Logical vs. Experiential: Self-observations

I kept a journal and a blog throughout this process and doing so helped me look at where my fears manifested the most (Will I like who I am when I begin comparing that person to what Ahimsa means via the Sutras) and how to begin working without having to assuage the “logical self” first (Simply let go). In addition to my journal/blog, I also kept a day planner where I jotted down when negative thoughts arose, what events preceded them and what emotions they brought with them. This bore fruit but I let it go after a while because it felt like it played into my need to collect data in order to move forward. A week of noting my negative thought cycle did provide me with insight into where I channel negative emotions and made my waking self more aware of how to way lay this function…but again…it was a really head based process, not heart based.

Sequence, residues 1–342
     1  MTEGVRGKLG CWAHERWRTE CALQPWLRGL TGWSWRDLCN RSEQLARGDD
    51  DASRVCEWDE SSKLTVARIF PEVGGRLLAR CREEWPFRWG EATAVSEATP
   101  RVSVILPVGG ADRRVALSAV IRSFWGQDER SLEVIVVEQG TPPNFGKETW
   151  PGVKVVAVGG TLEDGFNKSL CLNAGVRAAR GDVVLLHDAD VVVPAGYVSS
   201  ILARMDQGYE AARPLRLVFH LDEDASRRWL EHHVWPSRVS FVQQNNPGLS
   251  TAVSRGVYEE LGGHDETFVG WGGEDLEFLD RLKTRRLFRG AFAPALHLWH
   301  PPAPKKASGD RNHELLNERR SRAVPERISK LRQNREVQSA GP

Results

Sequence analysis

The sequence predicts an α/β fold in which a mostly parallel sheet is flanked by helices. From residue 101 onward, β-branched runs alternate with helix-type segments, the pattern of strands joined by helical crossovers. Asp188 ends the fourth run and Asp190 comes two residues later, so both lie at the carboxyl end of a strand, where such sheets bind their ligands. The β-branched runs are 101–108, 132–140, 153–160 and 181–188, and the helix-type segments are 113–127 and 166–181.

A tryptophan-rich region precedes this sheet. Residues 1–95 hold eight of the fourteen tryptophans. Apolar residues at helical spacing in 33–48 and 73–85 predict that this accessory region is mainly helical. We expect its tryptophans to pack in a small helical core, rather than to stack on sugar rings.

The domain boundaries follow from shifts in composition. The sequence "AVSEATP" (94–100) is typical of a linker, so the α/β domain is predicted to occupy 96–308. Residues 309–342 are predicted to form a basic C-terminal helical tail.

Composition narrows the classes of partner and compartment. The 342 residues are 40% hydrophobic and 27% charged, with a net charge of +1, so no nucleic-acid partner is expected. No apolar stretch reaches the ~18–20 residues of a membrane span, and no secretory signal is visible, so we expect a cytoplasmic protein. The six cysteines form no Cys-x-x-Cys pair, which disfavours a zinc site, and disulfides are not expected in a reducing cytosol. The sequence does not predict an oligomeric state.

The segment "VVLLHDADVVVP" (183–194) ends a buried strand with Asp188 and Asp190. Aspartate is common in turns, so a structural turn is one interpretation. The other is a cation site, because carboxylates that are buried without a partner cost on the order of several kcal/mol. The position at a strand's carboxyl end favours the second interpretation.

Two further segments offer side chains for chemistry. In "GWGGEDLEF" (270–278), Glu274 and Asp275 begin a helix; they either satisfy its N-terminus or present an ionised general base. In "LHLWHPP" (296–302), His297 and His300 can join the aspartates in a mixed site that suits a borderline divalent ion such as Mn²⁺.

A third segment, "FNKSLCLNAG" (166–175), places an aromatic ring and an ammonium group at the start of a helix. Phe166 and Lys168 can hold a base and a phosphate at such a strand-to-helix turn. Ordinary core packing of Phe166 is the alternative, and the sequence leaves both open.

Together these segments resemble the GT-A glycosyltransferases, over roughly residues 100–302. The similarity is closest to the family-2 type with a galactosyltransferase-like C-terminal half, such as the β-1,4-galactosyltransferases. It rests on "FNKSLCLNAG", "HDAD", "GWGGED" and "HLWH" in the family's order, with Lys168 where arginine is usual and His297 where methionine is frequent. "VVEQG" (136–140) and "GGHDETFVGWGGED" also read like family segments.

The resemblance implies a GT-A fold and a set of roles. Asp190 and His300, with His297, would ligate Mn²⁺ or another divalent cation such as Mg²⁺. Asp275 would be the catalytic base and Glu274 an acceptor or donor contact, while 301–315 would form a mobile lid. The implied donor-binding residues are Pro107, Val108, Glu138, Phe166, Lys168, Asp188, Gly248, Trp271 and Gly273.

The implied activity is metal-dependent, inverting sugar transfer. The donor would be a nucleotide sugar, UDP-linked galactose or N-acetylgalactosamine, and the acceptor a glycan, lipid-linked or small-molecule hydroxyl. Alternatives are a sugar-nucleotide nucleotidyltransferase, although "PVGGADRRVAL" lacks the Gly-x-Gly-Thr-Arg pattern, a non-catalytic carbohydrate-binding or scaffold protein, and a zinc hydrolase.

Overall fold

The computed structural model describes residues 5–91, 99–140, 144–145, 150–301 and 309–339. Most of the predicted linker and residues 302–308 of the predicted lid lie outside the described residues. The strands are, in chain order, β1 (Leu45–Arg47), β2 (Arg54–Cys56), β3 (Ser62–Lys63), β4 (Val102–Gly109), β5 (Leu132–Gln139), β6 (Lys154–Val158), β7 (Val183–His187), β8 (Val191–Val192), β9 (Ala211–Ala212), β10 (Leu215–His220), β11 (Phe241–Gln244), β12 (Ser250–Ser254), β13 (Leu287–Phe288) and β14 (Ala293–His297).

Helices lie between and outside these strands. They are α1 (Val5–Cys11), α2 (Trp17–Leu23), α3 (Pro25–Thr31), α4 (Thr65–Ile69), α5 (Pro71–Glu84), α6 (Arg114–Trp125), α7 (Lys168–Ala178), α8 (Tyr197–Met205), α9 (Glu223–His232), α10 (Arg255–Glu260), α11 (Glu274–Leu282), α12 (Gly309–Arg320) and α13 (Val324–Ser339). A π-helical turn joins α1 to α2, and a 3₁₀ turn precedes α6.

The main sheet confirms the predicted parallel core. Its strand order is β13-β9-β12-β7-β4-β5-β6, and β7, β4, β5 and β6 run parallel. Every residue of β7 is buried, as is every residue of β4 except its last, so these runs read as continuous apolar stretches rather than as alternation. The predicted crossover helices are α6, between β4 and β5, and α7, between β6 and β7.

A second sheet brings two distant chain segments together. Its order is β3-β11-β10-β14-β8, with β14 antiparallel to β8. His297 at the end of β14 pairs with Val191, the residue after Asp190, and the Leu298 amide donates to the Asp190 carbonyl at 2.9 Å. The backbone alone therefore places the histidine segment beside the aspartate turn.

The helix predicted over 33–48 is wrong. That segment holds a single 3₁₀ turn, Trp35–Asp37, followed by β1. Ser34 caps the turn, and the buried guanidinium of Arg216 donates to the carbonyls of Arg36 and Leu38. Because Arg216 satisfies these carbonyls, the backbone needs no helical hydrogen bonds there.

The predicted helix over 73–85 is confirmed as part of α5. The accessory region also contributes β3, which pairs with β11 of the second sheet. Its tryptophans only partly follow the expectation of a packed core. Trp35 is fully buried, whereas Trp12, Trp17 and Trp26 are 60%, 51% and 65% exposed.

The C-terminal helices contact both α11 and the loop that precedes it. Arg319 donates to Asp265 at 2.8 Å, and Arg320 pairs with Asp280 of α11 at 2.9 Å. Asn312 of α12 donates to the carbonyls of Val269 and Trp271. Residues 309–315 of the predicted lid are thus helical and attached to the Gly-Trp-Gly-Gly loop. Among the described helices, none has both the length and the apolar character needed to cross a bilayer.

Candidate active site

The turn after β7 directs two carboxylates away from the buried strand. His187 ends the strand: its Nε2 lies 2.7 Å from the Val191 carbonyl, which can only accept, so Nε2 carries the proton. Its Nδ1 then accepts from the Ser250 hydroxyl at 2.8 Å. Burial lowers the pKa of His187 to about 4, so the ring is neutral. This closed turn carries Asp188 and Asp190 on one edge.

I feel as if I made the most forward movement (okay…okay I experienced the most at the heart level instead of the head space) with my meditation practice, engaging the 4 purifications paired with asana practice as something to open rather than as a physical practice in itself. Richard Freeman in The Mirror of Yoga (2010) notes, “ The nature of all practice-asana, pranayama, meditation, or the study of philosophy-is that of framing and reframing” (p.29). I found via my meditation, pranayama and asana practice I was able (am able) to reframe how I experience the meaning of Ahimsa. Rather than allowing it to settle in my logical mind, I stopped trying to explore what the concept meant and began to work with how it felt in my body or as point of singular focus during meditation practice. Ahimsa became a felt experience instead of a term that required definition. The more I practice with a boundless concept of love/non-harm as the intention for my action, the more I find peace and a growing ability to move “into” the experience of it. In essence I stopped taking it so seriously per my friends instruction.